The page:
Walking on Water

Searching His Word
 Seeking His Heart

Several months ago, we talked about the feeding of the 5,000. Let’s look at the wild adventure of that evening and on into the night.

The day had been long and exhausting. Jesus taught and healed many. How many? Well, out of 5,000, you can only imagine. Then came the great miracle of blessing the five loaves and two fish with the disciples organizing and helping feed the crowd.

Jesus tells the disciples to push out in the boat and meet him on the other side. He opts to walk up a nearby mountain. For what?

After he dismissed them, he went up on the mountainside by himself to pray. Matthew 14:23

Many times in Scripture we see Jesus going off alone (a rare delight) to pray. I always think, if Jesus had the need for prayer, most assuredly I do too.

        

While He’s refueling himself, the boatload of disciples are a good ways from shore. The wind begins to blow across the water and soon, it is so strong the waves beat against the boat. The howl of the wind, the rocking of the boat, and the slaps of water in their faces cause great alarm for these twelve sailors.

Sometime between 3:00 and 6:00 A.M., the fourth watch, one of them suddenly points out toward the water and shouts, “Look!” They see a figure coming toward them and it’s on top of the water. 

“It’s a ghost!” one of them cried out in fear. Matthew 14:26

Jesus, who is walking toward them—yes, walking ON the water—yells out to them over the wind and waves.

“Take courage! It is I. Don’t be afraid.” Matthew 14:27

Impetuous Peter jumps up and calls out.

“Lord, if it’s you, tell me to come to you on the water.” “Come,” Jesus said.

Peter does three positive things. He gets out of the boat in faith, walks on the water, and keeps his eyes on Jesus. However, things go downhill when he takes his eyes off Jesus.

But when he saw the wind, he was afraid and, beginning to sink, he cried out, “Lord, save me!” Matthew 14:30

Jesus rebukes Peter for having little faith and doubting.

In some ways, it seems that he actually demonstrated amazing faith, but Peter still has much to learn about trust. Jesus grabs his arm; they get in the boat, and the winds die down. The disciples fall before Him in worship. They say,

“Truly you are the Son of God!” Matthew 14:33b

Did they not already know that after their incredible journeys with Him? After the day they had just spent with Him? 

But their eyes had never been blind. Their limbs not withered. While they absorbed the teachings, they weren’t in fearful places. But this time they experienced fear themselves. It was personal. Greater fearful times were ahead. This was training ground for learning to trust more and more.

Lord, help us keep our eyes fixed on you. Build our trust in the storms-of-life training ground.

~ Joyce ~

 

 

2 – The Woman at the Well

Searching His Word
Seeking His Heart

Last week, we began the story of the “woman at the well.” (1 – We’re Going Where?) Let’s give her the name Didomi (dee-doh-mee) We left her bragging about her Samaritan well, dug by none other than Jacob himself!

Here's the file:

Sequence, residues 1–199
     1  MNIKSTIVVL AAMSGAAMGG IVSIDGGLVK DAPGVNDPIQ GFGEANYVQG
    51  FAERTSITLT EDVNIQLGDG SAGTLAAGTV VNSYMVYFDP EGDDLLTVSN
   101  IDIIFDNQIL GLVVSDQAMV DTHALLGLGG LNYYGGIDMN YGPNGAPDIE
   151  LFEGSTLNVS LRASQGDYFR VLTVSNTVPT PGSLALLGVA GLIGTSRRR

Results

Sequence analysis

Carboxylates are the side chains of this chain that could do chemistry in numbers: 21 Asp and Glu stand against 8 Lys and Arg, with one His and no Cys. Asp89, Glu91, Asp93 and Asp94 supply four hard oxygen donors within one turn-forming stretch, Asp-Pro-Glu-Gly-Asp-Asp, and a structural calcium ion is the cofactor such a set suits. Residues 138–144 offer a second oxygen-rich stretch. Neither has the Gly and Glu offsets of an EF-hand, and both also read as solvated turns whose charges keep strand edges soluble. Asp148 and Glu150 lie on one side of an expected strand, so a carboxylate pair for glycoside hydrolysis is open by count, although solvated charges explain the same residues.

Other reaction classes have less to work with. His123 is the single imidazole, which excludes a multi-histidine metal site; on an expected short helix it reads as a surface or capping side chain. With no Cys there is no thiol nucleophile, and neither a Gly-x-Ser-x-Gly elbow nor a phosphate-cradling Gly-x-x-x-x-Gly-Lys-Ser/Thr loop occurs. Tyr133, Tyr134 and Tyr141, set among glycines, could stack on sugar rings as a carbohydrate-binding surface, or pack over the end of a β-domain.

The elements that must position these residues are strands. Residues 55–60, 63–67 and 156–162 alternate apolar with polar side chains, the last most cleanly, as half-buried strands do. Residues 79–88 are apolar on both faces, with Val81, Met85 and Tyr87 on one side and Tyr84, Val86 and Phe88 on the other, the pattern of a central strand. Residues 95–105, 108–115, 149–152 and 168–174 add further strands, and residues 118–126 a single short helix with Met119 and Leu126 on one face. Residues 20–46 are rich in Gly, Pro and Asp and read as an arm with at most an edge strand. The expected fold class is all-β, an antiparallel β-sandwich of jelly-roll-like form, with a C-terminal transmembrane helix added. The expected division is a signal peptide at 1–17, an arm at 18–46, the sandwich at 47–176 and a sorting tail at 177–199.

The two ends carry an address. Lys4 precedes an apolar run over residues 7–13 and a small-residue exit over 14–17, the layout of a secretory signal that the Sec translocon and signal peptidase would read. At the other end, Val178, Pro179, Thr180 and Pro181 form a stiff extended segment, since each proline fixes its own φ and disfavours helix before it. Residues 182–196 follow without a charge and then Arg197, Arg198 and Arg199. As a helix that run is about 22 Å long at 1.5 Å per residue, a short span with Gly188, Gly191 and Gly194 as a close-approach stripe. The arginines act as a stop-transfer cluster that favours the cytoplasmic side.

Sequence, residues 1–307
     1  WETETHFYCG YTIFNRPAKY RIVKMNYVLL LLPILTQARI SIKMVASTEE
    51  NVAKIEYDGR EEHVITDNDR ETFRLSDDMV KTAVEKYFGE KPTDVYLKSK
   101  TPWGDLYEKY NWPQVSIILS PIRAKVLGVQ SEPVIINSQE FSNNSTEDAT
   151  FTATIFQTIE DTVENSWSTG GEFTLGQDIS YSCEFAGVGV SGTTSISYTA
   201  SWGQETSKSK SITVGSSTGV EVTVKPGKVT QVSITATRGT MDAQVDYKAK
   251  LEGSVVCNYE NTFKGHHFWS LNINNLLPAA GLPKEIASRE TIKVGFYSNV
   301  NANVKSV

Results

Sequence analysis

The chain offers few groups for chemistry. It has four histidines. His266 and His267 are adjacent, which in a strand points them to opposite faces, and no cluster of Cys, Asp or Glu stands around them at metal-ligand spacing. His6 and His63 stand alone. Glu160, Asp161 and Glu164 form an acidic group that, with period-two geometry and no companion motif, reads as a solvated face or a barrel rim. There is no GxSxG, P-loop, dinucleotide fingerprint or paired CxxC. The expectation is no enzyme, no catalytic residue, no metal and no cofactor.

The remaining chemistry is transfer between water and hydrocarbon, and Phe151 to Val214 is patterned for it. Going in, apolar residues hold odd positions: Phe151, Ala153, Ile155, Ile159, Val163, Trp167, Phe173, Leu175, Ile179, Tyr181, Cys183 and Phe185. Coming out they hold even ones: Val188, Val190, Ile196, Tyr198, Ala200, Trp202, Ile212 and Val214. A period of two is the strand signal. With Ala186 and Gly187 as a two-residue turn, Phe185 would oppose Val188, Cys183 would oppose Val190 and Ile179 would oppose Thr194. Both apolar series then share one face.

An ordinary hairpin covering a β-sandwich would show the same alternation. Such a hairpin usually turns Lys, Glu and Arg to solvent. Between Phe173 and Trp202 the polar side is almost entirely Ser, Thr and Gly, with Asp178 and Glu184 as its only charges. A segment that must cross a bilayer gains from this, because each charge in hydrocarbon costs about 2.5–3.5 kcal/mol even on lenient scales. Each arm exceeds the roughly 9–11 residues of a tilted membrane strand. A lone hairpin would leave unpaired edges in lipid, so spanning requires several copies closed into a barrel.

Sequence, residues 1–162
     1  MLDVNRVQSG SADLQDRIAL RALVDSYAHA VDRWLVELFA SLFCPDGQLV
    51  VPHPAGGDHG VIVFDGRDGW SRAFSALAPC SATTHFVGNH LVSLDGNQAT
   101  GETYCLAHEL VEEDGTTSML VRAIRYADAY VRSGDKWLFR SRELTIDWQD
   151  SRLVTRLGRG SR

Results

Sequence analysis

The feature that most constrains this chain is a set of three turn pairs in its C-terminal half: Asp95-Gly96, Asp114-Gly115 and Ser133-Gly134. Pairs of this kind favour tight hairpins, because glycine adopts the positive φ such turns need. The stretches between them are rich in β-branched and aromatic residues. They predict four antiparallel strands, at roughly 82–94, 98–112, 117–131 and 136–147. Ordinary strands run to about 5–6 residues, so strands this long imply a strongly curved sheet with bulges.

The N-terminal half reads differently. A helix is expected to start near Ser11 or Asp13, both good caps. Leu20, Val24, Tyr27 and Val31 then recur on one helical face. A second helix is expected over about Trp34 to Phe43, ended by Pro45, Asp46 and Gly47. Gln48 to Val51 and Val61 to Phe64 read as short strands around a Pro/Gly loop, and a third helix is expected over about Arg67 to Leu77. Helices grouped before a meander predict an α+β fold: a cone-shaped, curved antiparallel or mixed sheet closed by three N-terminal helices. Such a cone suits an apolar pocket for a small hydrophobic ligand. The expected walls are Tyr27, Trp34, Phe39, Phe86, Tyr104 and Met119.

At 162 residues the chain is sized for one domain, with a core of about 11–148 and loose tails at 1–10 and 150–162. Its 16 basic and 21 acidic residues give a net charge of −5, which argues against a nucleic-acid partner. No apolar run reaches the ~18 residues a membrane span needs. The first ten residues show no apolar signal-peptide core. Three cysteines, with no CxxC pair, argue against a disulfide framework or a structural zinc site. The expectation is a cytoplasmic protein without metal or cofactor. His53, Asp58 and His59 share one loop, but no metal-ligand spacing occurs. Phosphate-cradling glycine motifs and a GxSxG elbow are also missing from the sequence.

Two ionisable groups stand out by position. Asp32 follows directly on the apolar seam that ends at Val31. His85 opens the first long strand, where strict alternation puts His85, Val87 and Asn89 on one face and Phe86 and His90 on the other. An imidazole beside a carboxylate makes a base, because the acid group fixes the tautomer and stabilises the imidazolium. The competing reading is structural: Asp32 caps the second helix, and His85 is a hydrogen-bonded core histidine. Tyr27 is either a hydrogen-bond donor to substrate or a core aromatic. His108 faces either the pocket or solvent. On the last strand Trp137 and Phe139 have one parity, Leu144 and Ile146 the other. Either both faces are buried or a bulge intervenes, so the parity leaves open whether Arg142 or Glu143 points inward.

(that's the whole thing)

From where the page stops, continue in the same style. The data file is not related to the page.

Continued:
Jesus reminds her that when they drink from this well, they are thirsty again. But the water he gives will spring up into eternal life. They will will never be thirty again. Of course, we realize that Jesus is talking about spiritual water, but she is stuck on physical water.

The woman said to him, “Sir, give me this water so that I won’t get thirsty and have to keep coming here to to draw water.” John 4:15

It’s not just the labor of walking to the well that bothers Didomi. Jesus is going to get to the source of her problem, the reason she comes by herself rather than with the other women—shame.  He tells her,

“Go, call your husband and come back.” 

“I have no husband,” she replied. 

All-knowing Jesus pops right back at her,

“You are right when you say you have no husband. The fact is, you have had five husbands, and the man you now have is not your husband. What you have just said is quite true.” John 4:15-18

Didomi is quite astonished that he knows this about her. So what does this sinful woman do? She compliments and changes the subject. Didomi says,

Sir, I can see that you are a prophet. Our fathers worshiped on this mountain, but you Jews claim that the place we must worship is Jerusalem.”

Jesus does respond to her comment, but soon turns to a deep truth that spans the ages right down to our very lives.

“Believe me, woman, a time is coming when you will worship the Father neither on this mountain nor in Jerusalem. You Samaritans worship what you do not know; we worship what we do know, for salvation is from the Jews. Yet a time is coming and has now come when the true worshipers will worship the Father in spirit and in truth, for they are the kind of worshipers the Father seeks. God is spirit, and his worshipers must worship him in spirit and in truth.”

This moves Didomi to think of the Promised One to come, not realizing that he stands right before her. She says,

“I know that Messiah (called Christ) is coming. When he comes, he will explain everything to us.”

Then Jesus declared, “I who speak to you am he.” John 4:19-26

Wow, this is significant! Jesus has avoided a direct mention of his Messiahship with others, but to this sinful Samaritan woman, he has openly declared that he is the Christ.

This is one thing that makes this woman special. Next week—another thing that defines her.

~ Joyce ~